The Rights Recognition Thesis: Defending and Extending Green

Research output: Chapter in Book/Report/Conference proceedingChapter

8 Scopus citations

Abstract

T. H. Green argues that rights are socially recognised powers for promoting the common good. This chapter defends a version of this recognition thesis, arguing that it follows from this moral internalism conjoined with plausible claims about the correlativity of rights and duties. It then argues that for Green grounding rights on the common good is not simply a normative claim, but a conceptual feature of rights, one that again relates to his moral internalism and theory of moral motivation. Lastly, the chapter looks closer at the idea of a right as a recognised power. Here is where the defence of the rights recognition thesis goes beyond Green. It is argued that if Green had better grasped the concept of a power, he would have been led to an even stronger defence of the rights recognition thesis.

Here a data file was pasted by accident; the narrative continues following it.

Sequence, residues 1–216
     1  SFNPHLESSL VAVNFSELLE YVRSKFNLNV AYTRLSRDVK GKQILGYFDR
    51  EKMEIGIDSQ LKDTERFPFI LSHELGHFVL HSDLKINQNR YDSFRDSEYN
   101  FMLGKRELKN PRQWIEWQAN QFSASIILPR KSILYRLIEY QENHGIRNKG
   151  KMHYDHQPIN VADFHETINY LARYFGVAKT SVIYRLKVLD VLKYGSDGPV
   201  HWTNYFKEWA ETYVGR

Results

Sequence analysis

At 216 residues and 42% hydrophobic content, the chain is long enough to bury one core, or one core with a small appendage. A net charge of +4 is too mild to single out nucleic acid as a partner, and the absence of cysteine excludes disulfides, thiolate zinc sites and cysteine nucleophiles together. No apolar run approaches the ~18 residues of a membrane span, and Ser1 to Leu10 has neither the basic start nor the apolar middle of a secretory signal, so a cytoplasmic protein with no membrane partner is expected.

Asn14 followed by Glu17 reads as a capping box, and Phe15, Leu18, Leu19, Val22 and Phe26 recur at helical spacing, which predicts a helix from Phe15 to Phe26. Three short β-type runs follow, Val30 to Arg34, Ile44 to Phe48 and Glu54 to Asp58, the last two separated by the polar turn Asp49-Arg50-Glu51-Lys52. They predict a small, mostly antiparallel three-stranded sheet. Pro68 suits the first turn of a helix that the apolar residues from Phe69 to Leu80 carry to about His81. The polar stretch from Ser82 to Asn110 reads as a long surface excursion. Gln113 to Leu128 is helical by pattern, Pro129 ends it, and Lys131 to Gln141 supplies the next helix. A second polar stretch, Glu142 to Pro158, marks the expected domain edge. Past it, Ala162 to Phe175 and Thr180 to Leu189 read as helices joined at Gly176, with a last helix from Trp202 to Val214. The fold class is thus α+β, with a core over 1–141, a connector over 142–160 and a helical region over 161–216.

Original languageEnglish (US)
Title of host publicationT. H. Green Ethics, Metaphysics, and Political Philosophy
PublisherOxford University Press
ISBN (Print)9780191709364, 9780199271665
DOIs
Publication statusPublished - Sep 1 2010

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Keywords

  • Common good
  • Internalism
  • Recognition
  • Rights
  • T.h. Green

ASJC Scopus subject areas

  • Arts and Humanities(all)

Cite this

Gaus, G. F. (2010). The Rights Recognition Thesis: Defending and Extending Green. In T. H. Green Ethics, Metaphysics, and Political Philosophy Oxford University Press. https://doi.org/10.1093/acprof:oso/9780199271665.003.0009